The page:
Wednesday 3rd April 2013
A new Macmillan role is helping to provide a more responsive service to people with upper GI cancers.
At Bradford Teaching Hospitals NHS Foundation Trust, people with upper gastro intestinal (GI) or hepato biliary (bile duct, liver and gall bladder) cancer receive support and information from a team of upper GI cancer nurse specialists (CNSs).
Career progression for one team member led us to consider how we could develop the service. The team had always had two whole-time equivalent posts covered by three CNSs. We explored the ‘specialist’ aspects of the CNS role, concluding that while some aspects were not specialist, it was still hugely important to patients. The vacant post provided a great opportunity to rethink how we work.
With support and funding from Macmillan, we focused on the non-specialist components of the CNS role and decided to introduce a new healthcare coordinator role (band 4). The key aspects include:
- Coordinating high-quality care (along with the nursing team) through telephone and face-to-face assessment, and identifying needs using basic clinical knowledge, tools and procedures.
- Ensuring the provision of appropriate services to maximise the health and quality of life of the patient.
- Acting as a single point of contact for patients, carers and the healthcare team; triaging enquires to the right hospital or community department; and providing routine information and advice for patients and carers.
- Documenting and monitoring all aspects of patient care coordination and service delivery, supporting data collection for audit.
Promoting and explaining the role has been easier than anticipated. We produced a leaflet explaining the role and give it to all patients at their first consultation.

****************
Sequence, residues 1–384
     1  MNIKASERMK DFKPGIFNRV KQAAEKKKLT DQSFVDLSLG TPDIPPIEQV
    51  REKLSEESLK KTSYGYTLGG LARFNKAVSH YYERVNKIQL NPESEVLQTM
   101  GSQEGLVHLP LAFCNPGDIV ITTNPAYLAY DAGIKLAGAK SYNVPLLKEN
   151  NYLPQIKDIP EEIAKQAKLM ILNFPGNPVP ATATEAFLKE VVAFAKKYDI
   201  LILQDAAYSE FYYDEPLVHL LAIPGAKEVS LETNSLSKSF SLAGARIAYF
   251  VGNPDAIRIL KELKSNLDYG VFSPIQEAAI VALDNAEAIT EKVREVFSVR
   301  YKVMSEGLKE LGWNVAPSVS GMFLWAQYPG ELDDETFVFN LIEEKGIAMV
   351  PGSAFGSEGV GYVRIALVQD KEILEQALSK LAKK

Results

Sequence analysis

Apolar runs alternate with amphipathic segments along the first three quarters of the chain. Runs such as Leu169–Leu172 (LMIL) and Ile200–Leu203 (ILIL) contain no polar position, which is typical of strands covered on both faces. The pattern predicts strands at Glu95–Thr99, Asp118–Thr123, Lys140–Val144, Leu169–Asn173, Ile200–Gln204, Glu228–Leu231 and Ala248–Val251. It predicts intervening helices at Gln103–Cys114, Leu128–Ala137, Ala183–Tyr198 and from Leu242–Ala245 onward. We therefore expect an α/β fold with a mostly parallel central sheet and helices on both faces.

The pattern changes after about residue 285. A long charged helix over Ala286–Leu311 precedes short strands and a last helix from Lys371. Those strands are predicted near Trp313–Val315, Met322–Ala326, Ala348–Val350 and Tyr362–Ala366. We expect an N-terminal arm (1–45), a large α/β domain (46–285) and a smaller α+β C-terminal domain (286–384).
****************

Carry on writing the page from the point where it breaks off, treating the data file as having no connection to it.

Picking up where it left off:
Patients, families and colleagues have accepted and welcomed the role. The coordinator has developed strong relationships, resulting in a service more responsive to patient needs, and more accessible. The CNSs can now focus on the specialist aspects of their role.
The coordinator has time to explore patient needs such as social care requirements. This has always been important, but the coordinator can use our holistic needs assessment as a baseline to explore options in the local community. Patients also have a point of contact when they have concerns not directly related to their clinical care.
It is a multifaceted role and the many skills that the coordinator has brought to it show in the way the team now works. It has allowed us to organise and deliver educational events, host awareness days, present work at national conferences and continue to deliver high-quality, individualised care.
We have received positive verbal feedback from patients and now have plans to evaluate the role by adding questions about it to our annual patient satisfaction survey.
We would wholeheartedly encourage colleagues to consider this new way of working. Our one concern is the career progression pathway for the coordinator – something that we will be looking at going forward.
Tracey Wilcocks, Specialist Nurse Upper GI, Bradford Teaching Hospitals NHS Foundation Trust.
Emma Jehan, Macmillan Care Coordinator email@example.com